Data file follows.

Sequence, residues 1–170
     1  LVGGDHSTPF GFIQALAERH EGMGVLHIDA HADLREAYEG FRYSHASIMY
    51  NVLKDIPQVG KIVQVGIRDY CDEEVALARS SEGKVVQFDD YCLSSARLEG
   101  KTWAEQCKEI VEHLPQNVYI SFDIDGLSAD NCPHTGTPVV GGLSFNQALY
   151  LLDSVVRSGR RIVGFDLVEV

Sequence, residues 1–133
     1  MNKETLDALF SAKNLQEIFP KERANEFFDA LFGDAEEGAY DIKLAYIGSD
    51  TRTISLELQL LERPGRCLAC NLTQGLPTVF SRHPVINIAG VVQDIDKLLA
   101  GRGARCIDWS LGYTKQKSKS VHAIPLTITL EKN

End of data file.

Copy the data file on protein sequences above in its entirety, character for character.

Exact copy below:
Sequence, residues 1–170
     1  LVGGDHSTPF GFIQALAERH EGMGVLHIDA HADLREAYEG FRYSHASIMY
    51  NVLKDIPQVG KIVQVGIRDY CDEEVALARS SEGKVVQFDD YCLSSARLEG
   101  KTWAEQCKEI VEHLPQNVYI SFDIDGLSAD NCPHTGTPVV GGLSFNQALY
   151  LLDSVVRSGR RIVGFDLVEV

Sequence, residues 1–133
     1  MNKETLDALF SAKNLQEIFP KERANEFFDA LFGDAEEGAY DIKLAYIGSD
    51  TRTISLELQL LERPGRCLAC NLTQGLPTVF SRHPVINIAG VVQDIDKLLA
   101  GRGARCIDWS LGYTKQKSKS VHAIPLTITL EKN